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  • Principal Investigator: Carl Heneghan
  • 1 October 2017 to 30 September 2020
  • Project No: 890
  • Funding round: FR 14

For doctors and patients to make reliable judgments about the value of a medical test or treatments od the organisation of healthcare, they should have access to the best available evidence. However, basing a decision on just one bit of evidence is rarely reliable to make a decision in healthcare. Therefore we need to collect all the evidence, on a specific topic, and summarise this evidence. One way to do this is by carrying out “systematic reviews”. This method - systematic reviews - collects all the evidence on a given medical topic, making a judgment as to whether the evidence is good or bad, and finally summarizing all of this evidence to provide an overall summary of the implications and the effectiveness.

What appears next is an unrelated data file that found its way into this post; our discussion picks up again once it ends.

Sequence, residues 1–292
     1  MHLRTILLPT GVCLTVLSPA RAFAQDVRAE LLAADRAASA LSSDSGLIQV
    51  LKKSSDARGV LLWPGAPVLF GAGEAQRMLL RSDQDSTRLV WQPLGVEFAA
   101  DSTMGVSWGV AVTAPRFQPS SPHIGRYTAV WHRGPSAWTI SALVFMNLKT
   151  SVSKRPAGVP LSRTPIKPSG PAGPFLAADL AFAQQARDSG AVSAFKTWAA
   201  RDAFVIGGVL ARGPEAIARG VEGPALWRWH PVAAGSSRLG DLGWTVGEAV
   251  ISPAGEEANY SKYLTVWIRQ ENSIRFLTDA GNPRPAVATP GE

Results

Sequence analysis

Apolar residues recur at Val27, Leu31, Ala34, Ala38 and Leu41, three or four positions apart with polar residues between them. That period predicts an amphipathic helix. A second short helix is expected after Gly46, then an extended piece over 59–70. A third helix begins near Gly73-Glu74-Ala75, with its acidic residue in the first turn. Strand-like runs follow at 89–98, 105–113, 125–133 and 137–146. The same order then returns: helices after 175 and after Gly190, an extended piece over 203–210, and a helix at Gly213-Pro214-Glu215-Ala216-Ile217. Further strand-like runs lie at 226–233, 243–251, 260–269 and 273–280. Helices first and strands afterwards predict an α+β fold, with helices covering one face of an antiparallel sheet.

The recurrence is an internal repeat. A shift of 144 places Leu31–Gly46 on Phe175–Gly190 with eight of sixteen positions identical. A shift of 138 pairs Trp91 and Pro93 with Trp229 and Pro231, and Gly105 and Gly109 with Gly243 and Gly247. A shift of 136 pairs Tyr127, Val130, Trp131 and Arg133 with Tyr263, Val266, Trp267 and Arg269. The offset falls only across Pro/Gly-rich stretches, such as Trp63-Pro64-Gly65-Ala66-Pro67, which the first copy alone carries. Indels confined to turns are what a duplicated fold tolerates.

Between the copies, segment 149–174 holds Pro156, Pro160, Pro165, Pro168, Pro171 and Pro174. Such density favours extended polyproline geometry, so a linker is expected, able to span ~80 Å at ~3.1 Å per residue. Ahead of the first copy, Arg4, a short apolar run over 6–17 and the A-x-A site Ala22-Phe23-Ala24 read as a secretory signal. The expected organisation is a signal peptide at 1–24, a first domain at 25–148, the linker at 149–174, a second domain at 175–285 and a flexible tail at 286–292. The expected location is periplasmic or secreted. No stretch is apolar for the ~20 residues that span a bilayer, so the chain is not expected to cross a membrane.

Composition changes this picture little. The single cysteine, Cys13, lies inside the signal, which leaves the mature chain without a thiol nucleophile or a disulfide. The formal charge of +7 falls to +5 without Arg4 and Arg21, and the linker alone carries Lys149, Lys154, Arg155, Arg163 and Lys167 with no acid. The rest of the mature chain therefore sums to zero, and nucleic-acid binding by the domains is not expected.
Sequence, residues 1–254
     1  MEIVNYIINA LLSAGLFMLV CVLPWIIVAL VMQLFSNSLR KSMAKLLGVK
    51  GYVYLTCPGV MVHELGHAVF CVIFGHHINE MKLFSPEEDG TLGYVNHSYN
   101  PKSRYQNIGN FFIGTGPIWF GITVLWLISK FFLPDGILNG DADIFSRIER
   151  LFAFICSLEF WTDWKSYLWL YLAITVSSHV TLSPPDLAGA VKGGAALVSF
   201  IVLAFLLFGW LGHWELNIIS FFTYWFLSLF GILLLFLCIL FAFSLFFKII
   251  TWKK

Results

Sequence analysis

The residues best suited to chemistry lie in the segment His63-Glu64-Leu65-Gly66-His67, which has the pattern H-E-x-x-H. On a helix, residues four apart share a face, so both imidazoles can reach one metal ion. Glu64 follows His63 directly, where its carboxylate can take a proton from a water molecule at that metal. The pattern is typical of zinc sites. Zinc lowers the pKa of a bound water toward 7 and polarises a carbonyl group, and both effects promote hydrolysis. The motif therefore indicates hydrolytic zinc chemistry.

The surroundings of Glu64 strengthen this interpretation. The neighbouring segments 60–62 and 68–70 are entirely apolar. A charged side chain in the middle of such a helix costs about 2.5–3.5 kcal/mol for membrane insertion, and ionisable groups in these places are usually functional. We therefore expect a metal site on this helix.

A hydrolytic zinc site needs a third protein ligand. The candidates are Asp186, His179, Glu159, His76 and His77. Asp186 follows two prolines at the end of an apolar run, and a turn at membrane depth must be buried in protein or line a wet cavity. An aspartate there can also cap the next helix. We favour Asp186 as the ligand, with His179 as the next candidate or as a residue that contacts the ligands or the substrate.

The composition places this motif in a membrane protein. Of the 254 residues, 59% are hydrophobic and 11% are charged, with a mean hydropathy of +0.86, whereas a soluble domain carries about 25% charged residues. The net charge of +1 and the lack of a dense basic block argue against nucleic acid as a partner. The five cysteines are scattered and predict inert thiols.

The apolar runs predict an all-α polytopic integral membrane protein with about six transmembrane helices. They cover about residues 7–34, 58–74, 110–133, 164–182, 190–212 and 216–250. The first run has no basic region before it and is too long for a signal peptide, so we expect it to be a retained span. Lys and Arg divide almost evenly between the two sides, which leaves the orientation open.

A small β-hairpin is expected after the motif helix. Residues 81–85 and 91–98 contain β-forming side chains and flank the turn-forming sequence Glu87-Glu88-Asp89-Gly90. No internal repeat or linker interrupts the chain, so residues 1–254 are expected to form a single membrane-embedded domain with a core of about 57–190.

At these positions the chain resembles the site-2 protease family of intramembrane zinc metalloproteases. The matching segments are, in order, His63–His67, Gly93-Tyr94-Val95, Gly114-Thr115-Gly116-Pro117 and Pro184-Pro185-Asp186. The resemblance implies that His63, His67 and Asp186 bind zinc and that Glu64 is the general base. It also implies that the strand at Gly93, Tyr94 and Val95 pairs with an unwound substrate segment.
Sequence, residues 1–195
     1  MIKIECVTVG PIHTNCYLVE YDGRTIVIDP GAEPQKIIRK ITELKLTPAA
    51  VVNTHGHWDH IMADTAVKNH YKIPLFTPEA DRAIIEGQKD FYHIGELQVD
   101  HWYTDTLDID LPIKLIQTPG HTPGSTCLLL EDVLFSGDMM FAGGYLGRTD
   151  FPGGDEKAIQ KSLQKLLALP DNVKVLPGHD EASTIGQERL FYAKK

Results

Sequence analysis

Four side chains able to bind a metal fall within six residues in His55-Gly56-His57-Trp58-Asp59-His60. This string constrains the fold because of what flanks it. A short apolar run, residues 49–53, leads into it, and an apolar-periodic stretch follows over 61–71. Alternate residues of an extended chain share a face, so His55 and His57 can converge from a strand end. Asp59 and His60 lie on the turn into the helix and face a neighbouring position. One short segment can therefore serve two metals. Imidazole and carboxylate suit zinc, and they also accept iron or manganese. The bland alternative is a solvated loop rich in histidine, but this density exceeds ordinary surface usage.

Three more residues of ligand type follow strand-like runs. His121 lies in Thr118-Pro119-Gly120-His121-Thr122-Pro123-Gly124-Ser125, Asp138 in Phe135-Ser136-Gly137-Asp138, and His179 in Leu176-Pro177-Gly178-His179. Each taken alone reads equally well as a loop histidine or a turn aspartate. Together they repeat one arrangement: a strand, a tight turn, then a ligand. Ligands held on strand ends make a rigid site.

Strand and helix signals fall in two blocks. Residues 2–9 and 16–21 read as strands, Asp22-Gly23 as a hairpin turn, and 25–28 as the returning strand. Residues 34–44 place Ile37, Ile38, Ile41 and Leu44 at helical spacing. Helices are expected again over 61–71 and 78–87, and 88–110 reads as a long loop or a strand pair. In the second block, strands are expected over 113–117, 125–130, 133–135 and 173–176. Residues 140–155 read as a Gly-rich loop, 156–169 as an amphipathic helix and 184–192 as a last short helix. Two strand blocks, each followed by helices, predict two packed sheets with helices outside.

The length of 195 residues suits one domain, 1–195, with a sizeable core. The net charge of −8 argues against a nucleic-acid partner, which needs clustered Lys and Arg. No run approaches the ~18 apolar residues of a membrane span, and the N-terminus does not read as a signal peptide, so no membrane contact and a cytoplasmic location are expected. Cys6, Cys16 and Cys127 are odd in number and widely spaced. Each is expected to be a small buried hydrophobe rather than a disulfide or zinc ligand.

In this program of work a collection of researchers, from eight of the primary care departments in the School of Primary Care are planning on doing a number of systematic reviews - of high relevance to the NHS - in collaboration with each other. The topics these reviews cover include how services offered to patients in primary care can be improved, how we assess new drugs and technologies for patients from complicated reports, how we treat patients in emergencies and how we manage patients at the end of their lives.
A combination of doctors, researchers, librarians, statisticians, patients, members of the public and other team members will collectively work together to deliver these goals. The results of these reviews have the potential for significant impact on patient care within the NHS and will inform future research and the design of services. 

Evidence synthesis working group

The collaboration will be conducting 18 high impact systematic reviews, under four workstreams.

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